SALT LAKE CITY — In my high school theater class, we were taught that when a person wants something, they also—believe it or not—want its opposite. For example, I want to be healthy and finish my broccoli, but I also really want to throw it away and eat seven cookies. We theatre kids were told that an actor must be aware of these contrasting desires, and communicate them to our audience. Find and Sign is full of opposites, dilemmas, and duality. This play struck a chord with me as it showcased the polarity of human beings, and did so with flair. Wendy MacLeod, the writer of Find and Sign, was inspired by Shakespeare’s Othello. I don’t know all the traits the two shows share, but I do know that both plays explore the same themes: racism, love, jealousy, and betrayal.
The play opens with our hero and heroine meeting at a party in New York City. Iago’s focus, we find out later, is his career. He wants to find a great R&B group, sign them, and move up the corporate ladder. But Julia steps into his path and the two connect through their mutual frankness and humor; Julia sees potential in Iago, a trace of humanity that she decides to have faith in. Julia introduces Iago to one of her students, who is a talented musician. She also connects Iago’s boss with her beautiful roommate. Everyone in the cast gets conflicting desires to choose between throughout the show, and even beyond, as it doesn’t all get wrapped up by the end.
I was impressed with how full the theater was; Pioneer Theater Company sure knows how to pack a house. And most of the patrons near me seemed to be regulars. The play invited us into a different, cooler world than most of us see day to day (at least for me, anyway). The urban looking set, the parties, the lifestyle of a record executive—just the feeling created by the music (Matthew Tibbs) and lighting (Dennis Parichy) made me lean into the stage a little closer.
There were six actors in the show, and each was cast so well. I want to mention Iago (Karl Miller), who seemed like such a ho-hum guy at the beginning, but as Julia became more and more interested in him, so did I. Miller knew just how to deliver each line to make me love him, even when I thought maybe I shouldn’t. I have to say, too, that Julia’s best friend, Mona (Gardner Reed) was pretty much impeccable. She was glamorous, kind and energetic. Her English accent and her beautifully deep voice really added another color to the auditory environment. I loved her.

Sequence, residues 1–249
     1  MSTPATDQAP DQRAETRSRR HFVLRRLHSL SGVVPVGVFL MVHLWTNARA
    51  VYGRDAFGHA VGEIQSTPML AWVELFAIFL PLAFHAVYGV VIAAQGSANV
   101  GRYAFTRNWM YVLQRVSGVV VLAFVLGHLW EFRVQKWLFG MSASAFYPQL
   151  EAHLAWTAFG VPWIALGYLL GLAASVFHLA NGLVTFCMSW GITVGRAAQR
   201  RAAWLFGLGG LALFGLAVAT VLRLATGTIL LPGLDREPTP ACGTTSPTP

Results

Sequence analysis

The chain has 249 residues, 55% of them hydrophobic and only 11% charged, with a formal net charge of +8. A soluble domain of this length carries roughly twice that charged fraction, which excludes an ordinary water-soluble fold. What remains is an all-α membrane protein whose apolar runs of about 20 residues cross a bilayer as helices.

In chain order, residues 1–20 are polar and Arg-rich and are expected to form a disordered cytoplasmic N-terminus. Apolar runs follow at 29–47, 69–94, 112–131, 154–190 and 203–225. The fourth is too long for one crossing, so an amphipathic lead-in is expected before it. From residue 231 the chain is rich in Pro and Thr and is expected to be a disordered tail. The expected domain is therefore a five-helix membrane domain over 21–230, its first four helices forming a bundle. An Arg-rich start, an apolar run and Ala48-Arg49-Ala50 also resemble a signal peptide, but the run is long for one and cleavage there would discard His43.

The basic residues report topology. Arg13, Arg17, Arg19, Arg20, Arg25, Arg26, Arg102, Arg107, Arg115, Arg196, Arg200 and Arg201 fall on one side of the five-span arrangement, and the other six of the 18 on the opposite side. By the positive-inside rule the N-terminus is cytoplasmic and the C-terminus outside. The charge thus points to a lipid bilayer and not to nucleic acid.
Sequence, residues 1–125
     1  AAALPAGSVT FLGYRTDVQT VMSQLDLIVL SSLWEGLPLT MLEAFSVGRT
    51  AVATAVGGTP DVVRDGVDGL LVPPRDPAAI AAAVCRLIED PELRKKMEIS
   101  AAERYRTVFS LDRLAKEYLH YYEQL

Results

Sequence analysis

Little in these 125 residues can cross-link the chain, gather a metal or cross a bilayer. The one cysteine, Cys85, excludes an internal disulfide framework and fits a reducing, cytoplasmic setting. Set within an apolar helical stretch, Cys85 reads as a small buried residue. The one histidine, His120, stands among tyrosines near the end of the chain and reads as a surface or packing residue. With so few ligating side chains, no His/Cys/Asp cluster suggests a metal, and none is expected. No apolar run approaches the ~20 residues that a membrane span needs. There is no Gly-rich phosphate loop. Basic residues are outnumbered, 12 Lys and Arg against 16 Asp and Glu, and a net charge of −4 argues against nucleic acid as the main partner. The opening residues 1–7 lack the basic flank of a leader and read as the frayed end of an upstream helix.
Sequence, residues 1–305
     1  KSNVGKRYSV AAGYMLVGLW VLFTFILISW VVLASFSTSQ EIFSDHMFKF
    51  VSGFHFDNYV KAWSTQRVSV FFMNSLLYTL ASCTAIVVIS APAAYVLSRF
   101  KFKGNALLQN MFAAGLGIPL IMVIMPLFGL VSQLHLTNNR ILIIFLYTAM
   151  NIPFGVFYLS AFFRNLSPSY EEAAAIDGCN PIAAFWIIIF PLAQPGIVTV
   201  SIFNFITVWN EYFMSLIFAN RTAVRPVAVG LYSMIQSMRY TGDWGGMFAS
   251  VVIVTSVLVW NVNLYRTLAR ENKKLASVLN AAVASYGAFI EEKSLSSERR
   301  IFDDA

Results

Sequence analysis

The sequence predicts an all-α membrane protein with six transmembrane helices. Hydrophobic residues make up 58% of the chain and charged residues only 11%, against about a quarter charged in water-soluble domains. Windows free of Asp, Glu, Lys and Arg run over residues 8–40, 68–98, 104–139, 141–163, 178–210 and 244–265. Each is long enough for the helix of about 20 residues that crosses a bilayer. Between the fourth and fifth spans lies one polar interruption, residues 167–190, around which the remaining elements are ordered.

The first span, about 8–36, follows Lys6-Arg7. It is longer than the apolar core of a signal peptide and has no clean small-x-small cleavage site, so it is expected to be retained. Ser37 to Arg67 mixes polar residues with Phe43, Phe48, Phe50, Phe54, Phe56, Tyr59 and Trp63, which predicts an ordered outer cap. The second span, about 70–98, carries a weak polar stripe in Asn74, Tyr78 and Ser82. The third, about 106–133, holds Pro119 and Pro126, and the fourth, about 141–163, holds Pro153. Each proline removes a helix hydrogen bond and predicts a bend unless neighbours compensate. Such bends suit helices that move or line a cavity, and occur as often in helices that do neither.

Julia (Molly Ward) was a delightfully awkward character, and she really explored a wide array of emotions. What a brave actress she was. There is a scene when Julia and Mona are in a clothing store, and Julia is picking out lingerie. We all know you’re supposed to try on those things over your own underwear, for sanitary purposes, and Julia follows this rule. But the ongoing scene that takes place with her wearing her possible purchase over her own white “granny-panties” is anything but routine—hilariously awkward and just plain funny. Props to Molly Ward.
One complaint about the acting, though I hate to mention it, is with Andre, Iago’s boss and best friend. Played by Keith Hamilton Cobb, Andre was supposed to be Jamaican, apparently, but his accent came and went throughout the show. Cobb did a great job, other than that. I loved it when he would swagger offstage, because physically, that man epitomized power.
I admire those who designed and created the set for Find and Sign (James Wolk). There is a sort-of patchwork background made out of bricks and metal-looking patterns. The sets for each scene roll on from the sides and through the background. Julia and Mona’s apartment, varying restaurants and clubs, and Andre’s office all came on and off with precision. Director Charles Morey intricately weaved the actors’ entrances and exits into these set changes, and most costume changes (with costumes designed by Pamela Scofield), too, were seamlessly made on stage during transitions. The actors stayed in character and carried their emotions with them in the dimmed lighting. The whole thing was like a dance; it was fascinating. And I won’t give away the ending, but thank you to the set design team, and the costumers, for painting a beautiful finale.
There were some hilarious lines in this production. Can’t help but mention the comparison between The Cat in The Hat and being on drugs, the discussion between Andre and Iago about what a Boppy is, lots and lots of queries as to whether a previous comment was racist, and a bit of good- natured jokes about New York City. My favorite, favorite line (you can see the show to find out who says it) is, “I will love you when you are plump and grey.”
Be advised that there is some adult content in this production. Personally, I didn’t feel overly put off by anything in the show. Ok, but one short scene did make me uncomfortable. It preceded Iago and Julia’s first intimate encounter and I just didn’t enjoy how openly they were speaking. Also, the profanity seemed to multiply near the end. But I knew what I was getting into; the content was clearly advertised on the website and even in the lobby of the theater. An older man behind me (maybe not so well-informed) commented at intermission that the production was like something you’d see on television that you “maybe outta turn off, but you leave on.” It made me smile a bit.
My eyes and ears were pretty much delighted by this engaging show. I don’t think a single line fell flat—such clever writing it was. The actors are phenomenal, and the director used his wonderful crew to full advantage. I wish I had room to list every name. Find and Sign is a great piece of theatre at the PTC; you ought to go fill up one of their few empty seats. Really. Go.